Only a few thousand people attended unsanctioned street parties under heavy police presence at the University of Western Ontario’s homecoming – a sharp contrast to the 25,000 partiers that flooded student neighbourhoods in previous years.
The relatively subdued celebrations come as the university deals with an academic year that started with a student killed, four complaints of sexual assault, and allegations on social media that several students were drugged and some sexually assaulted during orientation week. London police are investigating the allegations, but last week said no victims or witnesses have come forward.
More than 100 emergency-service and bylaw officials were stationed on Broughdale Avenue, a street known for large student parties, over the weekend, and police vehicles blocked off roads in the neighbourhood beginning early Saturday morning. Police officers came from as far as Hamilton and York Region to bolster London Police Service staff.
Authorities threatened fines of up to $5,000 for attending gatherings in violation of public-health orders.
On Sunday, police and bylaw officials said the number of students charged or fined this year would not be available until Monday.
Parties on the front lawns of Broughdale houses grew gradually Saturday morning until the crowds got rowdy around 1 p.m. and police moved them off the street. The students migrated to nearby Huron Street, where gatherings continued until police scattered them four hours later.
In the evening, bars in downtown London had short lines, but people wandered student neighbourhoods near Broughdale and Western’s campus in large groups in search of house parties. The roads were reopened, but police continued to monitor the area.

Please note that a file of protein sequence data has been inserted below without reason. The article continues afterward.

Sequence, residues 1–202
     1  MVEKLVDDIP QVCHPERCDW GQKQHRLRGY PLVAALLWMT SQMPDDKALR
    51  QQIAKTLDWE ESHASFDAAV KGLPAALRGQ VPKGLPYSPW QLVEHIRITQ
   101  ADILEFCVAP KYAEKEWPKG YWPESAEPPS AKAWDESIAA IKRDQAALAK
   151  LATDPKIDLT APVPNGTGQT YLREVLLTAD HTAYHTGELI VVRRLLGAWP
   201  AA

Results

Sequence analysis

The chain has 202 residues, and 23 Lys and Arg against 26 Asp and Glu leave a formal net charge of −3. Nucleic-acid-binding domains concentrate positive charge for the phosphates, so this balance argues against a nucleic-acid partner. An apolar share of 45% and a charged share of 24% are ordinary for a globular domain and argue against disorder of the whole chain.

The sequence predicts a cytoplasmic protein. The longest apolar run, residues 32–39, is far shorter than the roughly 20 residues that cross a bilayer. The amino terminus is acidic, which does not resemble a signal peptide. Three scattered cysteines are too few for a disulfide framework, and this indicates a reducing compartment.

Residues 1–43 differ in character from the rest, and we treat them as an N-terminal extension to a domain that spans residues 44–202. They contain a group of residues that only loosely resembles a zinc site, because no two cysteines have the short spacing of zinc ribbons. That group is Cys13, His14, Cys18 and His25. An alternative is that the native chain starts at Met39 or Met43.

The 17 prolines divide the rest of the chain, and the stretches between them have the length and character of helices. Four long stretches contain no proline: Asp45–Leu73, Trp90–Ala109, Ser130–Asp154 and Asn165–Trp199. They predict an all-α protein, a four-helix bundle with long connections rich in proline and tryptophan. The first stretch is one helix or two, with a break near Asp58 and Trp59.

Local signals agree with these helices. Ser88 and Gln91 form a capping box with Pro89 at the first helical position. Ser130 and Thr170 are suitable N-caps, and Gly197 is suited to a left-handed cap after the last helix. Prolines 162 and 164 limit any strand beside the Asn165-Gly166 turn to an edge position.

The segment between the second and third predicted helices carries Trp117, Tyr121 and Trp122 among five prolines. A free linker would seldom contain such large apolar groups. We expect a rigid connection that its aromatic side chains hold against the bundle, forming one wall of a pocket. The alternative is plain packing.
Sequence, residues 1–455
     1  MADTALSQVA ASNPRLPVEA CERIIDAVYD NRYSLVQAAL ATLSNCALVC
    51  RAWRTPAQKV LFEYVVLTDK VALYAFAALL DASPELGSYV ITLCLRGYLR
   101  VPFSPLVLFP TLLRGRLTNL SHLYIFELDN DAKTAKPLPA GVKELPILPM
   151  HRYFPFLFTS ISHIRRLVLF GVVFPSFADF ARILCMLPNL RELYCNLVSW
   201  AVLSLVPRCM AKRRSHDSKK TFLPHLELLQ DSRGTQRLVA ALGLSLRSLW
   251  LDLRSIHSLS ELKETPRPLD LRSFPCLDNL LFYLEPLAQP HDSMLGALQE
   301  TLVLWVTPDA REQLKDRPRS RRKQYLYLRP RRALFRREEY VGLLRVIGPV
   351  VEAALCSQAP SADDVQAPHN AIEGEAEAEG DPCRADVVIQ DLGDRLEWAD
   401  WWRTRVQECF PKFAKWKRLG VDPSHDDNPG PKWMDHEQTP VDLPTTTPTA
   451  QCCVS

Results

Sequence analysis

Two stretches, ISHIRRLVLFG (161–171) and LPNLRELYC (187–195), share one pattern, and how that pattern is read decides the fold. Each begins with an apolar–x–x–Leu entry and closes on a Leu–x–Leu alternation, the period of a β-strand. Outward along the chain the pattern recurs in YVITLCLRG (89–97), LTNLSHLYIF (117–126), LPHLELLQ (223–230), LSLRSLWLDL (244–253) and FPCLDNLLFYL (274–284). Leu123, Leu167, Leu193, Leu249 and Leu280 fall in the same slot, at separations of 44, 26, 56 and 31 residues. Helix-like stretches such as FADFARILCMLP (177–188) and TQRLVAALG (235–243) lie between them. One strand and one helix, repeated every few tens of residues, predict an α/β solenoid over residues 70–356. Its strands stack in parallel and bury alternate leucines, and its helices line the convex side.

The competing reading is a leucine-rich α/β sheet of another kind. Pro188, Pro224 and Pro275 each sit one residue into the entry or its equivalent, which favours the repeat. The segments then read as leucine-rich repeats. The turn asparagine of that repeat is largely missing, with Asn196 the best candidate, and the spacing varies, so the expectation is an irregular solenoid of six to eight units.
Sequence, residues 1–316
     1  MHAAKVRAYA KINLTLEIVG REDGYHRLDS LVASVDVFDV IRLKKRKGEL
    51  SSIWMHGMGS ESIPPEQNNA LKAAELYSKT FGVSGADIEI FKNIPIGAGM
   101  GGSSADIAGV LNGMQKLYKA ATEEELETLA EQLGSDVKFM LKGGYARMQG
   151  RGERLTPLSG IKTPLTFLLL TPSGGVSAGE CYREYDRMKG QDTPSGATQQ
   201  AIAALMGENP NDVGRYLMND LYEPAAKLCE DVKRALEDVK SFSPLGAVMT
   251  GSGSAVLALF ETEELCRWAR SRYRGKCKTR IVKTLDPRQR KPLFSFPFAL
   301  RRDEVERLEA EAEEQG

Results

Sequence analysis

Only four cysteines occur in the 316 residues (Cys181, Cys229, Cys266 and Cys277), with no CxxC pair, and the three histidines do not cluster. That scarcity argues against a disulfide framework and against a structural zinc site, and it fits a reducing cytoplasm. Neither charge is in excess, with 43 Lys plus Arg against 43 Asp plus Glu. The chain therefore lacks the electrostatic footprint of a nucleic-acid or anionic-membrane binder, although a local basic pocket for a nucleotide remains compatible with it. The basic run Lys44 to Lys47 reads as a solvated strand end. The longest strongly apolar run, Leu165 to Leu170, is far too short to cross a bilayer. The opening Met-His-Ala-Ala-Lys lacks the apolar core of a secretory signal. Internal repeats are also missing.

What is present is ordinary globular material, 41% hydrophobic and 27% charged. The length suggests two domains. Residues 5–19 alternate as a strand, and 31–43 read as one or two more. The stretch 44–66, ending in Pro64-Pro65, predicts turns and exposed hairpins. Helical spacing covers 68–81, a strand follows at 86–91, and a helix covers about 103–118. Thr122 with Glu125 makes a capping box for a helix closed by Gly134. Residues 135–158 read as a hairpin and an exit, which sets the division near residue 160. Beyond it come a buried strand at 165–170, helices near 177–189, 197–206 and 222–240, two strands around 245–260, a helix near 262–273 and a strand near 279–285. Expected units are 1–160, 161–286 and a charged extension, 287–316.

By midnight, the crowds on Huron Street had grown large and wild as police focused efforts on Broughdale. Videos on social media show students on Huron Street jumping into crowds from telephone poles and crowd-surfing past 1 a.m.
In 2016, Western moved homecoming to October in an attempt to deter illegal street parties. Students organized “fake homecoming” on their preferred date in late September.
The unsanctioned celebrations grew steadily from 11,000 people in 2016 to 25,000 in 2019. That year also had 800 emergency calls, 14 arrests and 31 people sent to hospital.
The university relented in spring, 2020, and moved the official homecoming back to September, although the pandemic stalled the celebrations.
Barbara Jones Warrick, a professor of psychotherapy at Wilfrid Laurier University who lives near Broughdale, picked up party garbage from Huron Street on Saturday. She has seen many homecoming parties in the neighbourhood, and said this year’s felt “pretty typical.”
“I think Western’s attempts in the past to ‘shut it down’ and move homecoming later to avoid this kind of thing wasn’t effective, and it shows a lack of real awareness of who it is they’re talking to,” Prof. Jones Warrick said.
“I don’t want to see our city turned into a police state. I also don’t want to see it trashed. So we need to figure out how to engage in dialogue between the powers that be and the people who party.”
In addition to the crews on Broughdale, dozens of emergency services vehicles parked at a nearby lot, and Western University volunteers patrolled campus offering students water bottles and directing them to free food trucks in the centre of campus, away from the street parties.
Before this year’s homecoming, Western’s president Alan Shepard sent an e-mail entreating students to avoid off-campus street parties and reminding them the student code of conduct could apply to “serious incidents” in the community, which could result in academic probation or expulsion.
“Unsanctioned street parties present all sorts of risks. The potential for injury and violence is real,” Dr. Shepard said in a statement. “Those risks are compounded right now by the threat of COVID-19.”
Western did not respond to a request for comment on the events of this year’s homecoming.
Prof. Jones Warrick said that, while the parties on Broughdale are a disruption, she understands where the students are coming from.
“It’s developmentally appropriate, and for people to expect anything different, I think is unreasonable.”
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